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Cablegate: Rwanda Joins Commonwealth

VZCZCXYZ0000
PP RUEHWEB

DE RUEHLGB #0803 3350815
ZNR UUUUU ZZH
P 010815Z DEC 09
FM AMEMBASSY KIGALI
TO RUEHC/SECSTATE WASHDC PRIORITY 6466
INFO RUEHXR/RWANDA COLLECTIVE PRIORITY

UNCLAS KIGALI 000803

SENSITIVE
SIPDIS

E.O. 12958: N/A
TAGS: PGOV PREL ECON EINV RW
SUBJECT: RWANDA JOINS COMMONWEALTH

1. (U) Summary: On November 28th, Commonwealth heads of
government meeting in Trinidad and Tobago decided to admit
Rwanda as their group's newest member. Although concrete
benefits to membership appear modest, Rwandan officials
anticipate expanded business and trade opportunities and
welcome the opportunity to join another regional grouping
that embraces globalization, trade and economic integration.
END SUMMARY.

2. (U) Rwandan Foreign Minister Rosemary Museminali told the
local press November 29th that Rwanda is "looking forward to
working with our new partner states to strengthen economic,
trade, cultural and political ties" and affirmed Rwanda's
commitment to contribute to the group's aspirations including
promoting peace and prosperity in the region. Rwanda's
formally launched its bid to join the Commonwealth in 2007,
supported by the UK, Australia, Canada, India, South Africa,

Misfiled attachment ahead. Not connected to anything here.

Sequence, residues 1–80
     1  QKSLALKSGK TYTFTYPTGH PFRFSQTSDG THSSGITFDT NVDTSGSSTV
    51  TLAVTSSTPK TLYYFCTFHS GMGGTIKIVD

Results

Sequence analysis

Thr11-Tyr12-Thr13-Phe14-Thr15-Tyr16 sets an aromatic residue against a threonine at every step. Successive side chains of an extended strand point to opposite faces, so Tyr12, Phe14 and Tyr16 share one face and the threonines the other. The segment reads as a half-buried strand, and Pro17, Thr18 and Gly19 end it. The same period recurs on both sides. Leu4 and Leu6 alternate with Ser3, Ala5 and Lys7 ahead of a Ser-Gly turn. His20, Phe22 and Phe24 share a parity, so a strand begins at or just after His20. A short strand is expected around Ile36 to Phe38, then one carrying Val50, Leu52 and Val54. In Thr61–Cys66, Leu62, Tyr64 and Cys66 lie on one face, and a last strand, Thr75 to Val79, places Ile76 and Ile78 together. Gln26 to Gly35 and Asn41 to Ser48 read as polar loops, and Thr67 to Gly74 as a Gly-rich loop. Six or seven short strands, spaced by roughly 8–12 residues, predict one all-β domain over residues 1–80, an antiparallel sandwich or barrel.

as well as its East African neighbors Kenya, Tanzania and
Uganda.

3. (SBU) The Commonwealth is a club of 54 nations with a
population of more than two billion and $2.8 trillion in
annual trade. Rwanda is only the second country, after
Mozambique, to join the organization without having a British
colonial past or constitutional link to Britain. In addition
to potential trade, business linkages and economic benefits,
UK poloff explained to us that by joining the Commonwealth,
Rwanda could more easily access technical assistance programs
offered by Commonwealth professional associations and NGOs.
A variety of scholarship programs benefiting Commonwealth
members would also become available, the poloff added.

4. (U) Comment: Rwanda's successful bid to join the
Commonwealth is consistent with its ambition to become a
regional trade hub, broaden its economic base through
regional integration and attract new investment by building
partnerships with larger trading blocks. Senior Rwandan
leaders have also pointed out that joining the Commonwealth
is not incompatible with continued membership in
Francophonie, the association of French-speaking countries,
and that they intend to remain part of that grouping as well.
End Comment.
SYMINGTON

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